Retrospectives are easy to overlook as sources for team optimization and improvement. A lot of people talk about the downsides of not having retrospectives at all, but there are definitely problems that can come up if your retrospective meetings are run in the wrong way.
Here are three things that teams currently running retrospectives can be challenged with. If you think your team might be running into any of these problems; it is time to stop, think, and target areas for improvement.
1. The team can’t celebrate wins
A common problem with feedback across the board, including 1:1 scenarios as well as team retrospectives is a focus on constructive feedback to facilitate growth. Yes, it is easy to always ask for constructive feedback and focus on what needs to be fixed. This focus drives clarity around what needs improving versus what is going well, and feels the most productive. But only considering areas of potential improvement during your retrospectives can lead you and your team down a terrible path towards no-morale city. Population; teams that have absolutely no fun at work and hate their lives.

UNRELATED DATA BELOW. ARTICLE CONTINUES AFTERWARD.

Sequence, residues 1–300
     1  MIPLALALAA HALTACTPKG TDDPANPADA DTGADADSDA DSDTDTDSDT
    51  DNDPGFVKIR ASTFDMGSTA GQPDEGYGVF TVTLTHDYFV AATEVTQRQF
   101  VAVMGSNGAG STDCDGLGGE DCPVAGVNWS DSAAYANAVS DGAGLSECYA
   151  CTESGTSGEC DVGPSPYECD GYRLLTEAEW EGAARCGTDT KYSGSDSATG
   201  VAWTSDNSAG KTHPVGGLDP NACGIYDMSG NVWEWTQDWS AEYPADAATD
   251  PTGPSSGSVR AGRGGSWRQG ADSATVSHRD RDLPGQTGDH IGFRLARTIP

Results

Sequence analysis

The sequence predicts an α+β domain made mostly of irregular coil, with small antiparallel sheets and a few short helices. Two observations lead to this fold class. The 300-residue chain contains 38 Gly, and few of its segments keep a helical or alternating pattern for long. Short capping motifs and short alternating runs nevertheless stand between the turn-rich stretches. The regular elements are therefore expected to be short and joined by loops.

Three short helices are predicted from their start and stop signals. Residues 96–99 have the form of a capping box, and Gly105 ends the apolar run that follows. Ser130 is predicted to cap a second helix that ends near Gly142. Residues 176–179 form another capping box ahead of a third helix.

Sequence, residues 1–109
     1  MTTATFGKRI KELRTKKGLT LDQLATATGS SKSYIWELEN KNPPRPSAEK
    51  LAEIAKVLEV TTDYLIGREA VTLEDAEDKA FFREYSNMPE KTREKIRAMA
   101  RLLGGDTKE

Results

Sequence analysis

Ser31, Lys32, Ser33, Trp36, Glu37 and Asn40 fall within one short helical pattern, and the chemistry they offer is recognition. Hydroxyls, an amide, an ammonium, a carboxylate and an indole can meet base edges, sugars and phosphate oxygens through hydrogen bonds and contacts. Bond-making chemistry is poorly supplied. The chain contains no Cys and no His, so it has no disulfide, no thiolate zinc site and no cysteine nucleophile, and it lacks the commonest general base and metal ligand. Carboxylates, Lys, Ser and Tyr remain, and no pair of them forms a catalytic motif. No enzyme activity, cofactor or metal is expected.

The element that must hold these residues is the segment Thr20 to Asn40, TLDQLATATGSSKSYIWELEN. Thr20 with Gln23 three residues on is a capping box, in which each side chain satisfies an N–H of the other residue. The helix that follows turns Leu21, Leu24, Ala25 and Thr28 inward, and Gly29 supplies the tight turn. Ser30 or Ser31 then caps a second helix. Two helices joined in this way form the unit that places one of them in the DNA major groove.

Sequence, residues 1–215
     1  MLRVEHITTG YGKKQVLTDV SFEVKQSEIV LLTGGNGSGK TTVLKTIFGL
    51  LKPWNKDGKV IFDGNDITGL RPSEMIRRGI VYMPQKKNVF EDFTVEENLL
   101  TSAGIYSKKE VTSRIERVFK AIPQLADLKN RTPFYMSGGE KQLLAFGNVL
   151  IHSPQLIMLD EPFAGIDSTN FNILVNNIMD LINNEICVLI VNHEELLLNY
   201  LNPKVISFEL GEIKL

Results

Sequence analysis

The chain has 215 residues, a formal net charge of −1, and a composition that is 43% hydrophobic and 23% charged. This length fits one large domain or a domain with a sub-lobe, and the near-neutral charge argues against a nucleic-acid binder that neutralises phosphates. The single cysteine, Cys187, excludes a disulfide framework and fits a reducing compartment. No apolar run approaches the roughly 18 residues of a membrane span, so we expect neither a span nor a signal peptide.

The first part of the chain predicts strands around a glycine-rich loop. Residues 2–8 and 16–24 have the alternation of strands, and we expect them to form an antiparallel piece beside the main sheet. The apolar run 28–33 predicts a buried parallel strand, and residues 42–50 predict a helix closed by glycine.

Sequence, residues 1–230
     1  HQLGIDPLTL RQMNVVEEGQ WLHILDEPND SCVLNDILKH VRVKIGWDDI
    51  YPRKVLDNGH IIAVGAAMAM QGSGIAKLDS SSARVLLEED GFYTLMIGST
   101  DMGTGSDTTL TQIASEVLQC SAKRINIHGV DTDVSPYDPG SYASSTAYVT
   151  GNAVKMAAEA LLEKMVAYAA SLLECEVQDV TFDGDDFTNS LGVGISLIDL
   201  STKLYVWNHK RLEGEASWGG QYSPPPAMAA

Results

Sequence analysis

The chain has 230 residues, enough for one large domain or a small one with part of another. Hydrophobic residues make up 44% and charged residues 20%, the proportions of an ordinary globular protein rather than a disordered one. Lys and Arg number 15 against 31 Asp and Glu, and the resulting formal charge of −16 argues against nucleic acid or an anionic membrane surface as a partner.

One of the most common retro formats, “What went well, what didn’t go well, what puzzles us”, lists the positive first. It is incredibly easy to start there. And sure, I do believe it is the norm (at least for the teams I have been a part of, to have more retrospective notes that cover the latter two categories around things to improve than the first positive “what went well” category. It also seems to make sense to spend most of your team’s time focusing on points of improvement, but the positive can’t be overlooked!
A retrospective with nothing good, no celebration, and no recognition can make a scrum team a dull place. Not celebrating wins can bring the team morale down, reduce productivity, and worst of all lead to attrition. Don’t let it happen. Make sure to make your retrospectives a place where all wins, big and small, can be recognized.